In the past weeks, many countries, including Ghana, have imposed travel restrictions to help curb the spread of coronavirus. Restrictions vary from country to country. Restricted travels are more intensive in some countries than others. Some countries have their borders opened to all passengers, who are quarantined for a period of time upon arrival, while other countries have closed their borders to all passenger; both citizens and foreigners.
Information on travel restrictions from over 150 countries provided by Aljazeera suggests that most countries of the world have closed their borders to foreigners but permit citizens to return home, while few countries have their borders closed to both foreigners and their citizens. Out of the over 150 countries whose travel restriction policies have been provided by Aljazeera, over 120 have their borders closed to foreigners but opened to their citizens, while less than 30 have their borders closed to both foreigners and citizens. Ghana is among the few countries that have closed their borders to their citizens. A significant number of countries who have restricted travels to both foreigners and citizens are smaller Islands and countries that have limited citizens traveling out of the country, hence their citizens may not be severely affected by such policies in the same way it may affect the many Ghanaian citizens abroad.
Triple S Activists is of the view that the government of Ghana reconsiders the decision on the travel restrictions hindering citizens from returning home to their motherland. Several Ghanaian citizens have traveled abroad for research, workshops, conferences, diplomatic mission and education. These categories of travelers do not have work permit. Most students, for instance, who are funded to study abroad, do not earn stipends during vacations. Workshops, conferences and research activities are funded for a period of time and once funds are exhausted, participants have no choice than to get back home to their normal lives. Students, researchers, conference and workshop participants, and many other categories of people are locked up abroad, meanwhile they have no means of continuous stay. These people are equally Ghanaians whose problem should be of importance to the government. As we speak currently, a Ghanaian researcher is stuck in Sierra Leone, meanwhile his funds are exhausted, his time is due, and he has no means of continuous stay in Sierra Leone.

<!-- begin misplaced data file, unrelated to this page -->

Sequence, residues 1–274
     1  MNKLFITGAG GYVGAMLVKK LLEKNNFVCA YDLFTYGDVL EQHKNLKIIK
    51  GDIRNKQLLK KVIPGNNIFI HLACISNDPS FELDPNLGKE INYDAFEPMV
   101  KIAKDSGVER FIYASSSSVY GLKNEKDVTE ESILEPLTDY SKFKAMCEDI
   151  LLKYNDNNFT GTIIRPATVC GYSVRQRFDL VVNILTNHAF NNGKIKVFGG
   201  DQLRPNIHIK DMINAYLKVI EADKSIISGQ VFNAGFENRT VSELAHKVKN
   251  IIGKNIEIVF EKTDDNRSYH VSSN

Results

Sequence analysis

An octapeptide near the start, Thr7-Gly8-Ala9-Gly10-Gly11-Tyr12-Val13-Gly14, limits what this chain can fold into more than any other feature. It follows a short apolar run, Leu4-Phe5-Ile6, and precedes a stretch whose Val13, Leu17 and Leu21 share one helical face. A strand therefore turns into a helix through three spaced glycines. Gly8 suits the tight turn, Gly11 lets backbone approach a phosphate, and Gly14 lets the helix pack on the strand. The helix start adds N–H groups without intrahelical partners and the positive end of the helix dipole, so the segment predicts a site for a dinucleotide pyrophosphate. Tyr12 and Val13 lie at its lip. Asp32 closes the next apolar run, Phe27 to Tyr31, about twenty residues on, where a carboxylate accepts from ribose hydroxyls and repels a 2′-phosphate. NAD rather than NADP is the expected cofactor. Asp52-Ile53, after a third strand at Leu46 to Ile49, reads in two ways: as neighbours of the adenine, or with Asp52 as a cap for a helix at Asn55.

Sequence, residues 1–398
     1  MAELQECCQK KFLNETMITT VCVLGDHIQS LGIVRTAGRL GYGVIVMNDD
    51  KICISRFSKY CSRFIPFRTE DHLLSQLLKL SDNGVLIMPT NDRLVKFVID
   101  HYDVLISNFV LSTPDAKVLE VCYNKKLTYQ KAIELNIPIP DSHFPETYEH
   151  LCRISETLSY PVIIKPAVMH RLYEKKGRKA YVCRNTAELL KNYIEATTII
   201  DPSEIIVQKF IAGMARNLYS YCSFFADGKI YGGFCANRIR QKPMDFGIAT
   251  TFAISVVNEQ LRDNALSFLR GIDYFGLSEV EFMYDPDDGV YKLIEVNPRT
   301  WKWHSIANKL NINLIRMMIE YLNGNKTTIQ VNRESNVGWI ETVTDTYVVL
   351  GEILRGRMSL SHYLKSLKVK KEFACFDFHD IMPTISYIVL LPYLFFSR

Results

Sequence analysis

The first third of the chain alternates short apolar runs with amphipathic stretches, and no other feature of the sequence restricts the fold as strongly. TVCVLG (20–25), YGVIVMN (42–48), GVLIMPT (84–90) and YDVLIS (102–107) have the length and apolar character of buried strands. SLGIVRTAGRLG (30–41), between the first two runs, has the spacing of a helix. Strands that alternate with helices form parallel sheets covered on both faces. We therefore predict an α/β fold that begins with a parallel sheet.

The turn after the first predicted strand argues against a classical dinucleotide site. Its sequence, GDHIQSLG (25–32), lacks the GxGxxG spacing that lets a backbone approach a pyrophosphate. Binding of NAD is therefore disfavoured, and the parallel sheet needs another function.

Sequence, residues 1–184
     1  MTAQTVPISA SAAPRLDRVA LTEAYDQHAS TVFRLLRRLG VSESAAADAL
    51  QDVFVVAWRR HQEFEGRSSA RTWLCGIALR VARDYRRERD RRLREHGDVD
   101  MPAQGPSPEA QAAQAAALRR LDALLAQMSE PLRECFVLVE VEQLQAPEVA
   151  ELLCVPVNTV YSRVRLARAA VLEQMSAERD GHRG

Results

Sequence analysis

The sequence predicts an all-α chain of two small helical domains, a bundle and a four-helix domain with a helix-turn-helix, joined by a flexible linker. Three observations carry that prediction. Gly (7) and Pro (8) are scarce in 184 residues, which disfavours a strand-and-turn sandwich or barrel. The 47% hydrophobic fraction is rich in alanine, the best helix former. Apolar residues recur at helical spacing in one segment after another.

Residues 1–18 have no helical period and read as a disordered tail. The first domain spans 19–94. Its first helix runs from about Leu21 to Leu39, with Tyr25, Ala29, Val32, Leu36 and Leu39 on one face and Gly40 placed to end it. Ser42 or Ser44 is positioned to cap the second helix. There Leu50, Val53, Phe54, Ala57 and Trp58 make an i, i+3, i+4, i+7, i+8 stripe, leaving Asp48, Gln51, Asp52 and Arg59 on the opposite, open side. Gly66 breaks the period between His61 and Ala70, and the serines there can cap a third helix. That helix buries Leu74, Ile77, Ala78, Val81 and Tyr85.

It is acceptable for Ghanaians at home to show concern about the effect that may be associated with the return of Ghanaians abroad, however, there is always a way out. Other countries have evacuated their citizens from abroad. This is not to say that Ghana should replicate the strategies of other countries. Ghana may not have the resources needed for an evacuation but she can open her borders for Ghanaians who are stranded abroad, with no means of survival, to get back home to their families and normal lives.
Returnees could be quarantined for two weeks and tested just like it's been done in other countries. People have raised concerns about the cost of quarantine. We suggest that some or most returnees are allowed to self-quarantine in their homes rather than in costly hotels. In a press conference organized by the Ministry of information on April 22, 2020, Dr. Aboagye outlined criteria which are used to identify infected person who can self-quarantine. These included an appropriate home environment with enough space and the determination of the likelihood that someone will cooperate. He also indicated that, patients are visited from time to time to ascertain their wellbeing and cooperation. These same criteria can be extended to people returning from abroad, in such case most can self-quarantine, thereby putting less stress on government funds.